Monday, June 17, 2013

Rangers Could Announce Alain Vigneault As New Head Coach Today





















The New York Rangers agreed to terms with Alain Vigneault to become the 34th head coach in franchise history on Saturday, and according to Larry Brooks of The New York Post the team could put out a press release to announce the hiring of Vigneault as soon as today. Brooks notes, however, that the Rangers likely will not formally introduce him to the media at a press conference until Thursday. Rangers GM Glen Sather is currently at his home in California and will not be back on the east coast until Wednesday when NHL general managers meet for their yearly meetings in Boston. With Madison Square Garden currently unusable while its undergoing construction, the Rangers will need to find another location to hold Vigneault's press conference. I would guess that they'll just do it at the team's practice facility in Greenburgh, but that remains to be seen.

Meanwhile, Brooks also reports that Sather and Vigneault have already begun discussing names to add to his coaching staff. Mike Sullivan, thankfully, will not be retained and Jim Schoenfeld will only remain with the organization as assistant GM to Sather. Benoit Allaire, as we all assumed, will remain with the organization as goalie/assistant coach and Henrik Lundqvist's right-hand man. I would assume Mark Messier is a possibility, although it could be a major distraction to have Messier on the coaching staff if the team gets off to a slow start and fans overreact and start calling for Vigneault's head. Brooks mentioned over the weekend that Messier could possibly be reassigned to a coaching position with the Hartford Wolf Pack if he really wants to embark on a coaching career. Either way, he'll most likely remain with the organization next year.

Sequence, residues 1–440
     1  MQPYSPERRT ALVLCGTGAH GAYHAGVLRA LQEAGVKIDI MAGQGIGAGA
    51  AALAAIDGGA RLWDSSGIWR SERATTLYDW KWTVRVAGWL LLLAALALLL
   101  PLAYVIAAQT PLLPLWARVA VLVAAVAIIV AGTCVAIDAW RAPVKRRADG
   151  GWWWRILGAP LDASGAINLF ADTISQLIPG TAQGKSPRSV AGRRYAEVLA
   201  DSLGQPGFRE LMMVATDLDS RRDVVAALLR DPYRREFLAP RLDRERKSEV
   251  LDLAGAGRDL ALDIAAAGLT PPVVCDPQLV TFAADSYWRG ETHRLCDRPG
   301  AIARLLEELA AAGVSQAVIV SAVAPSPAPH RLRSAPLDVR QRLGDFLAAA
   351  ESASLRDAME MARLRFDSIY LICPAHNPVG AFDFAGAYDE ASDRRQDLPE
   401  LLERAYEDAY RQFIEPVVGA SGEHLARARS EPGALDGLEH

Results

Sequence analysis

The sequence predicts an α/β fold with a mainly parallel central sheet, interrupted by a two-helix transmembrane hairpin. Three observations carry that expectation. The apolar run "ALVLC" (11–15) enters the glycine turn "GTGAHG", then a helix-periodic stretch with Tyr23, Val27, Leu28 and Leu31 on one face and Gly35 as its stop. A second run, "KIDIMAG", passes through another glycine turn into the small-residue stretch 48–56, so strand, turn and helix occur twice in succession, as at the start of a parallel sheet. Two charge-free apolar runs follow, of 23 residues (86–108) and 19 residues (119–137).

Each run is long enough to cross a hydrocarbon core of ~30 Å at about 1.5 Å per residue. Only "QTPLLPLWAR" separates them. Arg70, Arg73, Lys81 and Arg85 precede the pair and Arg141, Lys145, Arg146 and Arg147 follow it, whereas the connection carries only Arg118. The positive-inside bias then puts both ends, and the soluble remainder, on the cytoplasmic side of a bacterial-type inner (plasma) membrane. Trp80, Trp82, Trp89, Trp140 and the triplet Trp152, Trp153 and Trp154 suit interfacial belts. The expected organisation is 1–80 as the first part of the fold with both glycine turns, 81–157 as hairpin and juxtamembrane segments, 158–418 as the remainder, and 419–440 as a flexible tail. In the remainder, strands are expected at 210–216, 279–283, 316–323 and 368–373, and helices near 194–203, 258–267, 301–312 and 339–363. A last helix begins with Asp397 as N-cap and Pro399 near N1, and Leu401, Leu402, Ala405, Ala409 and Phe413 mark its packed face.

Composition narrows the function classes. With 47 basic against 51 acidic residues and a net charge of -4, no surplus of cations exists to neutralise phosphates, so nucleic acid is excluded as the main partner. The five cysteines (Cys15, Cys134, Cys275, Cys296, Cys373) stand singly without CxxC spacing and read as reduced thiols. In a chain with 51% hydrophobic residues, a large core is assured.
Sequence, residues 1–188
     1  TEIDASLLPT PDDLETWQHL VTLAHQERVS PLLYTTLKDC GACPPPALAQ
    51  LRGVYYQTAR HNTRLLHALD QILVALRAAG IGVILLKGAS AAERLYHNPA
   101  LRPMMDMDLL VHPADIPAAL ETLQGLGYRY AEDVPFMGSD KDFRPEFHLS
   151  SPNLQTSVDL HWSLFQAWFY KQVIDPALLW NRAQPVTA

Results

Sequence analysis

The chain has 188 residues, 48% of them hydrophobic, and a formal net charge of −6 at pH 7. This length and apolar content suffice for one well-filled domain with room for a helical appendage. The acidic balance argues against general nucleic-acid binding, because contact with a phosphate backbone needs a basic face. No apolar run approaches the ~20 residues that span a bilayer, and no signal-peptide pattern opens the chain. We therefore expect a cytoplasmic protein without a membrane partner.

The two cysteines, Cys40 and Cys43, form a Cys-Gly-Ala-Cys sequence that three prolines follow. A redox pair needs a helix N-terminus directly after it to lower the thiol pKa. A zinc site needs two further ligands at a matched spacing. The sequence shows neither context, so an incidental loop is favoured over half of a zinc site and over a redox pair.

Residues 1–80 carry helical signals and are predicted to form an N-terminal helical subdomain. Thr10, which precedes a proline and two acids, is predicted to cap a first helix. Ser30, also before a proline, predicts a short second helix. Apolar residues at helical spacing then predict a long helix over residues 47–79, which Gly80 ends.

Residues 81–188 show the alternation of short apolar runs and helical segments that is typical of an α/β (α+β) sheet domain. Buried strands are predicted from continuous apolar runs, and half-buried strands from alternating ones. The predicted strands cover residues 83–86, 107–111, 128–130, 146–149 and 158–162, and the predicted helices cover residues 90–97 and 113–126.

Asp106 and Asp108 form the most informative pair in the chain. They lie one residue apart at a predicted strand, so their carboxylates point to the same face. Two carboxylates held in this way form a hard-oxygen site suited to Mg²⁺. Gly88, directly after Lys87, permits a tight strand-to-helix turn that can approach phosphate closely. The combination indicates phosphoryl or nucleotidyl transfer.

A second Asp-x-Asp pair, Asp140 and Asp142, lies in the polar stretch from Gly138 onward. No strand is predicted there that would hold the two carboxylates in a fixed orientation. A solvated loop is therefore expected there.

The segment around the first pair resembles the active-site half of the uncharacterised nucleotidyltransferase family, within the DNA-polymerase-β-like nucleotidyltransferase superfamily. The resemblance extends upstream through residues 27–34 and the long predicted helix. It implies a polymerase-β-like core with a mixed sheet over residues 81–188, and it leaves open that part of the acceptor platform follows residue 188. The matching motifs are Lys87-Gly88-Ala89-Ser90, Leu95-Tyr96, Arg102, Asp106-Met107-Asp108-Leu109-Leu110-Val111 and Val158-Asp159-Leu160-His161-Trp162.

One name being floated around is former Rangers defenseman and current head coach of MODO of the Swedish Elite League, Ulf Samuelsson. Samuelsson apparently reached out to the Rangers when hearing about the team's vacant head coaching position following the firing of John Tortorella, so there's definitely some level of interest there already. Whether he'd be willing to leave a head coaching job to become an assistant in the NHL remains to be seen. I think Samuelsson would be a nice addition to the coaching staff and could add an interesting element to coaching the power play.

As for the hiring of Vigneault, I have to admit that I wasn't initially thrilled when hearing a few weeks ago that he was a top candidate for the Rangers' head coaching job, but the more I read about him the more he's grown on me. I admittedly do not know a lot about Vigneault as far as a head coach beyond the handful of Vancouver Canucks games I'd see every year, mostly coming in the playoffs. The biggest knock on Vigneault has been that he wasn't able to lead the Canucks to a Stanley Cup victory despite having immense amounts of talent on the team in Roberto Luongo, the Sedin twins and Ryan Kessler, amongst other big names. He did come within one win of winning a Cup, though, which a lot of people forget about. I distinctly remember several games in which Roberto Luongo failed to show up for the Canucks, though, which led to a lot of the Canucks' failures in recent years.

The biggest positive that I've read about Alain Vigneault is that he's the opposite type of coach to John Tortorella. He coaches an up-tempo offensive system that the team desperately needs, while also relying on his role players to play to their strengths. The Rangers desperately need that type of change. This means Vigneault won't be asking Rick Nash to block shots and will instead allow him to play his game in the offensive zone where he should be. One of Torts' biggest downfalls was his stubbornness to change his system and insisting that all his players adjust to playing one specific way, and this won't be the case with Vigneault in charge.

More to come within the next few days as we get more information about Vigneault's hiring and how the rest of his coaching staff will fill out.

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